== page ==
Keeping Bargains With Ourselves
You diminish yourself when you partially commit yourself.
The word itself is poignant.
The origins of the word commit mean “send with,” and when you make a commitment, you might consider that you are sending yourself with whatever it is you’ve committed yourself to. Imagine what happens if you then partially commit yourself to a dozen other little grabs on your time and attention. No wonder you feel as if you’re coming apart at the seams! You’ve spread yourself amongst a thousand tiny lines, each tugging you in a different direction.
And every failed bargain with yourself erodes your foundation.
Each commitment made and not kept scrubs away your sense of efficacy and trust in yourself.
You must treat yourself as if some part of you were listening to what you say to yourself. Some part of you keeps the score of how many times you’ve let yourself down. It won’t take too many failed resolutions before that part of yourself responsible for change gives up hope altogether.
To be sure there is also a part of you who is compassionate and forgiving, and yet if you damn the part of you that cares about keeping your word and following through, yet set a troubling precedent for your relationships in the world around you.
Perhaps it’s a result of FOMO or maybe it’s sloppy boundaries…whatever the reason we staple ourselves to countless small commitments, each of which is insignificant on its own but devastating when taken in sum.
Consider that every deal you make with yourself offers one of two outcomes:
- You build trust in yourself by following through
- You lose trust in yourself by not following through
Even this thing you’re reading now may very well be a commitment you’ve made and not followed through on! If so, stop it. I refuse to take part in a person’s diminishment of themselves. It’s a stupid, tragic situation that begs to be addressed. Blow down the house of cards. Cease propping yourself up with hollow words. Give up on every sloppy commitment and begin anew.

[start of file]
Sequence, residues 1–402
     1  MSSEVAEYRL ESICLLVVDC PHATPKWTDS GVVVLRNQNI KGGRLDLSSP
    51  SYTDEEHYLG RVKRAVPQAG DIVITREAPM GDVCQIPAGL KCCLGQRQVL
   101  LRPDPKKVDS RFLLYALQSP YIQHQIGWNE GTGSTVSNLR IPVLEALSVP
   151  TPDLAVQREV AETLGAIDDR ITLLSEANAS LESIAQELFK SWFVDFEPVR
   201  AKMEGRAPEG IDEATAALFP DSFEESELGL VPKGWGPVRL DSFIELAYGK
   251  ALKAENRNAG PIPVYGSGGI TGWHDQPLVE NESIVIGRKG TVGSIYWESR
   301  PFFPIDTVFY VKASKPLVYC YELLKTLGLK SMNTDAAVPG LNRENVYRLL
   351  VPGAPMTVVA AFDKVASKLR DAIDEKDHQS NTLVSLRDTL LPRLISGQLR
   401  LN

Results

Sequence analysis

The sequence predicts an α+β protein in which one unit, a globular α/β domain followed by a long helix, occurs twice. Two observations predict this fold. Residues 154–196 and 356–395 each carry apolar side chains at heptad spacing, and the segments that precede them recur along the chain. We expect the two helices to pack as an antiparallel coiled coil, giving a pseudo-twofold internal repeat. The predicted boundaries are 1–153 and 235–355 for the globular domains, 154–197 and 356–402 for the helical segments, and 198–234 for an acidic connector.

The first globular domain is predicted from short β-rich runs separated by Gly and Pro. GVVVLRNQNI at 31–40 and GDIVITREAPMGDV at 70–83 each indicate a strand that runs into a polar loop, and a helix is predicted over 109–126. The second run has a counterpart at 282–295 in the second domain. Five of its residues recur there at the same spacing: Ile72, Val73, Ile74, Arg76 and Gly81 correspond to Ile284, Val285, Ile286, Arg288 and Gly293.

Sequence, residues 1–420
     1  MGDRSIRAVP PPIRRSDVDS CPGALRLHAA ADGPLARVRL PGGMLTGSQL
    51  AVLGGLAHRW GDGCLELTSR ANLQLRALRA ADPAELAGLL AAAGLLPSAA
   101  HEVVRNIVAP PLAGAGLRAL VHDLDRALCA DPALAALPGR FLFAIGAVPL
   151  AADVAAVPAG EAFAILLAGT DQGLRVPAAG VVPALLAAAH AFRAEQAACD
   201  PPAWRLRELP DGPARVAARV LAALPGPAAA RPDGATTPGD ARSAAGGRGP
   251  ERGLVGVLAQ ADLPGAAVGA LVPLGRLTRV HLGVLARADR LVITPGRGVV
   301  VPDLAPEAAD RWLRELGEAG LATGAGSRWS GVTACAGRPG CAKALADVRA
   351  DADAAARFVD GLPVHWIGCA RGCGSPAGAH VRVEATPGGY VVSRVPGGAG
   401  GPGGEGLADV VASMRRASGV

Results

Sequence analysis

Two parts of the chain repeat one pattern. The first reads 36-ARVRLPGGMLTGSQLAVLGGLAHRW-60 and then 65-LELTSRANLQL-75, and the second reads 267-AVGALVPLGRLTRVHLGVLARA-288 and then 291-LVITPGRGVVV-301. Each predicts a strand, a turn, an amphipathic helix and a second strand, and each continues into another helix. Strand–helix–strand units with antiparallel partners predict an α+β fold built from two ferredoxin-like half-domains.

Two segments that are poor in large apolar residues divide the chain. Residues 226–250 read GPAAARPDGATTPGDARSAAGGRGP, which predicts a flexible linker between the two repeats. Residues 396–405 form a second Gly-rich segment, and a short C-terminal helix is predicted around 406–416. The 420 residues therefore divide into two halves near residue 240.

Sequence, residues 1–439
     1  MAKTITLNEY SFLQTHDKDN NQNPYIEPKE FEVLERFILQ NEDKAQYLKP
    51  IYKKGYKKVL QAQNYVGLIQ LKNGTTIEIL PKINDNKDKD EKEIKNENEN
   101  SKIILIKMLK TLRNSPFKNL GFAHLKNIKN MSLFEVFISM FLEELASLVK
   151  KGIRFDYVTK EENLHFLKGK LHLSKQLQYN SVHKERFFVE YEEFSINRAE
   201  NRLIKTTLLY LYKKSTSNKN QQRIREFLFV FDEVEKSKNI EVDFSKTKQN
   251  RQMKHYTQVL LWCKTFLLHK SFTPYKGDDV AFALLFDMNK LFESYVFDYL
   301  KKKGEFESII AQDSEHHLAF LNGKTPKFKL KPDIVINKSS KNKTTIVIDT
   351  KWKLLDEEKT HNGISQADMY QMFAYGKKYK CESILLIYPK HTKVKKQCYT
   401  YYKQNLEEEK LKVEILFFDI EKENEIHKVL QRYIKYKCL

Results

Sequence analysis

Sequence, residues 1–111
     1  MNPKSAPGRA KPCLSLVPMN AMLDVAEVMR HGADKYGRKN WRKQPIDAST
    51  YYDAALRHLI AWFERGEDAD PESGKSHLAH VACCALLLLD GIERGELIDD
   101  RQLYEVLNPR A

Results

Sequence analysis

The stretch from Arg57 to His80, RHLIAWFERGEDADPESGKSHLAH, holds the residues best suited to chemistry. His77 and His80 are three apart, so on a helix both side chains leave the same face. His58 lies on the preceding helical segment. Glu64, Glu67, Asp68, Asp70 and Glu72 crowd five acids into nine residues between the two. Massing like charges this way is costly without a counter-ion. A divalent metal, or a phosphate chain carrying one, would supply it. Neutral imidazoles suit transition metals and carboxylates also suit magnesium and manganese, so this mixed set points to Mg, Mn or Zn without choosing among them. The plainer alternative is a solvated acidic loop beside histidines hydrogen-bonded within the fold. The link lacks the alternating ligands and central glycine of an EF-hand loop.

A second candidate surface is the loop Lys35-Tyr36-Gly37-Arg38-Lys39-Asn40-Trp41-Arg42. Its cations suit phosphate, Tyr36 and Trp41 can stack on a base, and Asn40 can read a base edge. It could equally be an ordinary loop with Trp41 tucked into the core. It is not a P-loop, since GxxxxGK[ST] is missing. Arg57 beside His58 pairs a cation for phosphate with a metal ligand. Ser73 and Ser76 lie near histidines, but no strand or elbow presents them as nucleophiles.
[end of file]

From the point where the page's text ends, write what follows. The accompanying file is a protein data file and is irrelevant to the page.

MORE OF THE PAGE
The best financial advice I’ve ever heard is as follows…
Every quarter have your card numbers (debit and credit) reissued by your bank.
Within a month you’ll receive a series of emails letting you know of various charges failing to go through on the subscriptions you’ve committed to. You’re then given an opportunity to opt back in. In fact you must make a deliberate choice if you wish to continue engaging in that product or service. Doing nothing — the default — is opting out.
If you do this, you must also reallocate the regained money and time in service of the things that actually matter to you. If you get back $300 and save yourself 2 hours each month, then you have an extra $3,600 and 24 hours in a year to put toward something meaningful.
It’s easy to feel a lack of money, time, and energy when they’re poorly utilized.
I recognize that this may seem harsh.
However, most of us have decades’ worth of experience letting ourselves down through silly partial commitments. We’ve habituated ourselves to our tendency not to follow through, not to keep our own word. This is a devastating “normal.”
A “yes” that doesn’t discern is paper-thin.
A “no” with teeth is life-saving.
Be judicious in your commitments, and maintain your boundaries as if they mattered.
They matter more than you know.
Originally published on The Ecosomatics Institute Blog